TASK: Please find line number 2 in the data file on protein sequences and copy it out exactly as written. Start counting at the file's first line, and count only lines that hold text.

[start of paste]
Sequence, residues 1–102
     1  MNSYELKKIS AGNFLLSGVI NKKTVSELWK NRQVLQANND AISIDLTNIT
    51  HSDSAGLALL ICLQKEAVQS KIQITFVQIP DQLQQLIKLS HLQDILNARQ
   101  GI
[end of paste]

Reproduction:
     1  MNSYELKKIS AGNFLLSGVI NKKTVSELWK NRQVLQANND AISIDLTNIT